Today, it is clear that the enduring power of Wood’s art owes as much to its mesmerizing psychological ambiguity as to its archetypal Midwestern imagery. An eerie silence and disquiet run throughout his work, complicating its bucolic, elegiac appearance. The tension between his desire to recapture the dreamworld of his childhood and his instincts as a shy, sexually repressed Midwesterner seeped into his art, endowing it with an unsettling solitude and chilling sense of make-believe. Wood’s conflicted relationship with the homeland he professed to adore may be a truer expression of the unresolved tensions in the American experience than he might ever have imagined, more than seventy-five years after his death.
Wood’s landscapes do not depict Midwestern farm life in the 1930s. Instead, they portray his idealized memories of the 1890s farm in Anamosa, Iowa, where he lived as a young boy before moving to Cedar Rapids with his family following the death of his father. His desire was not so much to portray a world that was becoming extinct as to recover a mythical childhood that existed only in his imagination.
Wood began his career as a decorative artist. Even after he shifted to fine arts, he retained the ideology and pictorial vocabulary of Arts and Crafts, a movement that promoted simplicity of design and truth to materials. To it, he owed his later use of flat, decorative patterns and sinuous, intertwined organic forms as well as his belief that art was a democratic enterprise that must be accessible to the average person, not just the elite. Wood’s training began early.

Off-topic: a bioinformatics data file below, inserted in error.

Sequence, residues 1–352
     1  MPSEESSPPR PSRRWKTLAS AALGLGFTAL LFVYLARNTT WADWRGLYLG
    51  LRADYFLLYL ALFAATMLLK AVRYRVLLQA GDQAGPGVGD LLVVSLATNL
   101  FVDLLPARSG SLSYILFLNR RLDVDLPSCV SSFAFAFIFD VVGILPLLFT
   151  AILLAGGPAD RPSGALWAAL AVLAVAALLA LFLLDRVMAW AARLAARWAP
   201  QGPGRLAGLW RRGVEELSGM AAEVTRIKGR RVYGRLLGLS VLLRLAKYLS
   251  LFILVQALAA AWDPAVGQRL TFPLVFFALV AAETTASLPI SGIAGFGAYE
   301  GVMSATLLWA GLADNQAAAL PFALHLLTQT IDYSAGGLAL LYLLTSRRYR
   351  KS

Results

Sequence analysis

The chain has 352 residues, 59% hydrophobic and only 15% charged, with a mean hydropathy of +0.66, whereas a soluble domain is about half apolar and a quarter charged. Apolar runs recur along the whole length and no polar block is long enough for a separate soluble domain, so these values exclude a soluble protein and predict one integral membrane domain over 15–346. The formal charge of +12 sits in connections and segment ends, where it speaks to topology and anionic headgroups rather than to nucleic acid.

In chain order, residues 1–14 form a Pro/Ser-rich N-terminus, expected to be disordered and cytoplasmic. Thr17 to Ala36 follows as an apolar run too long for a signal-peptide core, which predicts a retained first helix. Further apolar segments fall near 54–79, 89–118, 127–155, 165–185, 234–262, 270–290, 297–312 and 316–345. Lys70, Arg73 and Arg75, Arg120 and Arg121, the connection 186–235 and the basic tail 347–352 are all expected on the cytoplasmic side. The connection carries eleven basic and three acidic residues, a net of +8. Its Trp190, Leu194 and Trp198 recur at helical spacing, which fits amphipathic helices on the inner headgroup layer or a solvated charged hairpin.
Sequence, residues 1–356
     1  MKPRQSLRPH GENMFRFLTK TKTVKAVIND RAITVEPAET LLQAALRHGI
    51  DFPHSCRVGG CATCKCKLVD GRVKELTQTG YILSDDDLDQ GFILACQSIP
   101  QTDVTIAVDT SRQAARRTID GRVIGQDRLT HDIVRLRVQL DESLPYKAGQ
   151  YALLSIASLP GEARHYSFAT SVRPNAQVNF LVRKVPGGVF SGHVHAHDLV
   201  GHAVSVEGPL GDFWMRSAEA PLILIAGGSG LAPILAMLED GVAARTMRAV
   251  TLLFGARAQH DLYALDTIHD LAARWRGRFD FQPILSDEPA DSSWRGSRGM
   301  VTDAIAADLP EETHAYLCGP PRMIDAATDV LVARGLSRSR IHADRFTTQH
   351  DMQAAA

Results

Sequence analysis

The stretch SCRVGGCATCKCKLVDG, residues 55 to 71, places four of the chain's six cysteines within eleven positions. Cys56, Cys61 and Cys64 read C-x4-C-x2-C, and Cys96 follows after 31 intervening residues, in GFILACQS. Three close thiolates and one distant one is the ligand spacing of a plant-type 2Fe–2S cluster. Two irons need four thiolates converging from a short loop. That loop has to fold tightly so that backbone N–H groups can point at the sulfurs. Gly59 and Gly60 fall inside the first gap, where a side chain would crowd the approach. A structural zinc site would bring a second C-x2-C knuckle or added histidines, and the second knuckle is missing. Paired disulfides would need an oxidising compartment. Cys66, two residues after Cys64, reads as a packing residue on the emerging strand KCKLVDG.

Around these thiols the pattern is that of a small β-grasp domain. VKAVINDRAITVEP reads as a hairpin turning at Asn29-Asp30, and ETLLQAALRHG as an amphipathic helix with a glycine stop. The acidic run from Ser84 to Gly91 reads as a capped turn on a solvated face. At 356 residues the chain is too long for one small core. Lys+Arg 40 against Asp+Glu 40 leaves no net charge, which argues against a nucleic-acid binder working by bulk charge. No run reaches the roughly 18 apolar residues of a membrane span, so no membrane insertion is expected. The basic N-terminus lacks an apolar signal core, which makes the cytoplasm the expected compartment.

For two summers after graduating from high school he studied at the Handicraft Guild in Minneapolis before joining the Kalo Arts and Crafts Community, a workshop and training facility for artisans in Park Ridge, Illinois, a suburb of Chicago.
In 1914, he opened the Volund Crafts Shop with a fellow craftsman and began to receive recognition for his jewelry and metalwork in the Art Institute of Chicago’s prestigious annual decorative arts exhibitions. Nevertheless, commercial success eluded him and he closed the shop and returned to Cedar Rapids in 1916to begin his painting career. The decision did not, however, bring an end to his work in decorative arts, which he continued well into the 1930s. Overmantel Painting and the corncob chandelier on view in this gallery are from design commissions for a home and a hotel dining room, respectively.